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Epilepsia. 2011 Dec;52(12):e190-3. doi: 10.1111/j.1528-1167.2011.03304.x. Epub 2011 Nov 2.

A balanced translocation disrupts SYNGAP1 in a patient with intellectual disability, speech impairment, and epilepsy with myoclonic absences (EMA).

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1
Danish Epilepsy Center, Dianalund, Denmark. klitten@sund.ku.dk

Abstract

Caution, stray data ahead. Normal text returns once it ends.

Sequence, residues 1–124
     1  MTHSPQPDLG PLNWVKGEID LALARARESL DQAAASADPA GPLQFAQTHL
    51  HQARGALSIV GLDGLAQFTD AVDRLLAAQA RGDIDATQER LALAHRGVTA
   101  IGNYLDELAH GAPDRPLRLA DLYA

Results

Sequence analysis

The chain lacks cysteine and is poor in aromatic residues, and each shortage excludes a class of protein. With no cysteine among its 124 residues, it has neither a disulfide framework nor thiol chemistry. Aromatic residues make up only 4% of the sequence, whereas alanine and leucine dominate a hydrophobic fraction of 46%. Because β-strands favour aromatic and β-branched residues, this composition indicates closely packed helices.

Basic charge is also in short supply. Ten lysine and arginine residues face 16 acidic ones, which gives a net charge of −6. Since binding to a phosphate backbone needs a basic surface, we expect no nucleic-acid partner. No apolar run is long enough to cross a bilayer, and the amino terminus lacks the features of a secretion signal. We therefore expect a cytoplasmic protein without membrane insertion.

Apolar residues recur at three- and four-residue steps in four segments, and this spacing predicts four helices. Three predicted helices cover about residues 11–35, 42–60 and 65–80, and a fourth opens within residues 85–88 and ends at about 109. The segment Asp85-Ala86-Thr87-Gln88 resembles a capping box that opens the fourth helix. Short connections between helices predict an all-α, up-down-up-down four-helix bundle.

Epilepsy with myoclonic absences (EMA) is a rare form of generalized epilepsy occurring in childhood and is often difficult to treat. The underlying etiology of EMA is unknown in the majority of patients. Herein, we describe a patient with EMA and intellectual disability who carries a de novo balanced translocation: t(6;22)(p21.32;q11.21). We mapped the translocation breakpoints by fluorescence in situ hybridization (FISH), and the breakpoint at 6p21.32 was found to truncate the N-methyl-d-aspartate (NMDA)-receptor associated gene SYNGAP1. The breakpoint at 22q11.21 was within a highly variable region without known protein-coding genes. Mutations of SYNGAP1 are associated with nonsyndromal intellectual disability (NSID). Two-thirds of the patients described so far also have generalized epilepsy. This finding, together with our report, suggests that dysfunction of SYNGAP1 contributes to the development of generalized epilepsy, including EMA.

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